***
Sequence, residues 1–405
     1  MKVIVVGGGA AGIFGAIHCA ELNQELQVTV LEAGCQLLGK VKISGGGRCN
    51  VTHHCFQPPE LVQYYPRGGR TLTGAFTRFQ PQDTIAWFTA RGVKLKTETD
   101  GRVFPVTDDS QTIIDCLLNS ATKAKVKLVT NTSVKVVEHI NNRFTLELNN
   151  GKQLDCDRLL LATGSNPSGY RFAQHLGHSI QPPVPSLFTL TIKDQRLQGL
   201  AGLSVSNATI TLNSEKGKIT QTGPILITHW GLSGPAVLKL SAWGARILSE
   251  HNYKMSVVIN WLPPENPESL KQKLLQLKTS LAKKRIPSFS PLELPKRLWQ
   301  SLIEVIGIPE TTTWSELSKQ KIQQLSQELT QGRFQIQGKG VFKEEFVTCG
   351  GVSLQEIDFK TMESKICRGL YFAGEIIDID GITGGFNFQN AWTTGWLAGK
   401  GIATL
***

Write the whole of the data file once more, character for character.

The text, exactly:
Sequence, residues 1–405
     1  MKVIVVGGGA AGIFGAIHCA ELNQELQVTV LEAGCQLLGK VKISGGGRCN
    51  VTHHCFQPPE LVQYYPRGGR TLTGAFTRFQ PQDTIAWFTA RGVKLKTETD
   101  GRVFPVTDDS QTIIDCLLNS ATKAKVKLVT NTSVKVVEHI NNRFTLELNN
   151  GKQLDCDRLL LATGSNPSGY RFAQHLGHSI QPPVPSLFTL TIKDQRLQGL
   201  AGLSVSNATI TLNSEKGKIT QTGPILITHW GLSGPAVLKL SAWGARILSE
   251  HNYKMSVVIN WLPPENPESL KQKLLQLKTS LAKKRIPSFS PLELPKRLWQ
   301  SLIEVIGIPE TTTWSELSKQ KIQQLSQELT QGRFQIQGKG VFKEEFVTCG
   351  GVSLQEIDFK TMESKICRGL YFAGEIIDID GITGGFNFQN AWTTGWLAGK
   401  GIATL